Congenital heart defects symptoms vary depending on the type of heart defect, its severity and also on the child’s age
Not all babies are born healthy, some are born with birth anomalies or defects of which the most common are congenital heart defects (CHD). Congenital simply means ‘present since birth’. CHD refers to abnormalities in the structure of the heart or the blood vessels attached to it. It affects nearly 0.8 per cent to 1.2 per cent of live births globally. According to the Indian Pediatric Academy, nine out of every 1,000 live births suffer from CHD. This translates to nearly 200,000 children being born with CHD every year in our country. In 20 per cent of these cases, intervention is needed before the baby’s first year of life.
Your baby’s heart
A baby’s heart is divided into four major sections or chambers. Four valves or gates help in controlling the flow of blood through the heart and around the body. CHD can occur when any of these chambers or valves don’t develop properly while the baby is in the womb. CHD can be classified into two major types—non-cyanotic CHD or pink babies where the baby’s blood has normal oxygen levels and cyanotic CHD or blue babies. This is also known as critical congenital heart disease (CCHD), where there is less oxygen in the baby’s blood. CCHD can restrict the flow of blood from the heart to the rest of the body or to the lungs or both. Some common CHDs include septal defects (a hole between two of the heart’s chambers), pulmonary valve stenosis (where the pulmonary valve is narrower than normal), PDA or patent ductus arteriosus (an opening between two major blood vessels leading from the heart), tetralogy of Fallot (a condition caused by a combination of four heart defects that affect the structure of the heart) and many others.
Signs and symptoms you must be aware of
CHD symptoms vary depending on the type of heart defect, its severity and the child’s age. Many CHDs are diagnosed in the foetal stage, allowing physicians to map out a treatment plan. However, in less severe cases, symptoms are not visible at birth and may develop later in life. Some of the symptoms to look out for include difficulty in breathing, rapid heartbeat, low blood oxygen level, a blue tinge to the skin or lips, fingernails or lips, extreme tiredness, breathlessness, or fatigue while feeding, and poor weight gain. Many defects are also detected when the child gets admitted repeatedly for lung infections. In this era, while it is important to be aware of the persistent symptoms that lead to life-threatening diseases, a patient should be given urgent basis, because in the end only diagnosis and treatment can save a life under critical condition.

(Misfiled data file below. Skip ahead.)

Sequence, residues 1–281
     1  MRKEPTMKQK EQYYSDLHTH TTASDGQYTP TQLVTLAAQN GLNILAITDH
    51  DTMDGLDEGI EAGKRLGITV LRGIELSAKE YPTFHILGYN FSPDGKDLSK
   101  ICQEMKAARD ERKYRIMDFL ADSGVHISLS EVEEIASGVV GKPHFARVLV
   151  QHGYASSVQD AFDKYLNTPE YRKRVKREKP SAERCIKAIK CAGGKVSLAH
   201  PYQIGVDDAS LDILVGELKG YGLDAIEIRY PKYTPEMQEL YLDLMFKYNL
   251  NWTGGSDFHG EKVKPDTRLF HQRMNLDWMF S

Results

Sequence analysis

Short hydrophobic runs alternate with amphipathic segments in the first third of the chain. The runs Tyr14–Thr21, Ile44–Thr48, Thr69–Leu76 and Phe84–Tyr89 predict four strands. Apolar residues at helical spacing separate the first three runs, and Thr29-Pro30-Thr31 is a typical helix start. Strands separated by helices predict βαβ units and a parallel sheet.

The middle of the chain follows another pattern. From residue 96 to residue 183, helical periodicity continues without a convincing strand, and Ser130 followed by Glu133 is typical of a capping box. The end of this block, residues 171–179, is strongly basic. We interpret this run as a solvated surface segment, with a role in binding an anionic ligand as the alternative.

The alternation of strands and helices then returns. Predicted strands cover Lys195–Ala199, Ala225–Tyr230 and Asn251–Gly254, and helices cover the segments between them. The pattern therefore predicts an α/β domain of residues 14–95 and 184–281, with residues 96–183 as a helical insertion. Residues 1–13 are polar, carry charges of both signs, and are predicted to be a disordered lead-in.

Opportunities for CHD prevention
Since the exact cause of CHD is still not known, it is tricky to prevent it. However, some preventive measures can be taken during pregnancy to lessen the risk of birth defects. These include vaccination against rubella and flu, avoiding drinking alcohol or smoking, proper management of blood sugar and weight, evading exposure to harmful substances and regular checkups with doctors. Parents who already have a child with a CHD need to be alert and prepared since the chances of their second child suffering from the same condition is higher.
Treatment paths for CHD
Over the past decade, there has been a significant improvement in CHD therapy. With new heart-saving technologies and modalities, the mortality rate has reduced considerably with an improved quality of life for these children. Some CHDs can be treated with medication while children with severe CHDs are recommended for surgeries. Earlier open-heart surgery was the sole option to save lives, but with the onset of minimally invasive surgery options, treatment has become simpler. Today, one of the most common CHDs is PDA which occurs chiefly in premature babies. The hole in PDA is blocked by implanting an occluder that is smaller than a pea with a minimally invasive procedure. The tiny umbrella-like device is inserted through a small incision in the baby’s leg and steered through blood vessels into the heart. This device can be implanted in the tiniest babies, weighing as little as 700 gms, thereby breaking barriers to treatment.
Innovation with care
The treatment approach for CHD is chosen according to the child’s age, the severity of the condition, and medical history. The safety and efficacy of the procedure and overall quality of life after it is also assessed. The significant advancement in minimally invasive technologies has not only improved surgical outcomes in CHD therapy but also reduced the patient’s trauma with minimal scarring, less blood loss and enhanced recovery while maintaining a high standard of treatment. So, be alert and look out for any unusual signs and symptoms in your child, and do not hesitate to reach out to your doctor.
The author is a professor in Cardiology, PGIMER, Chandigarh. Views are personal.
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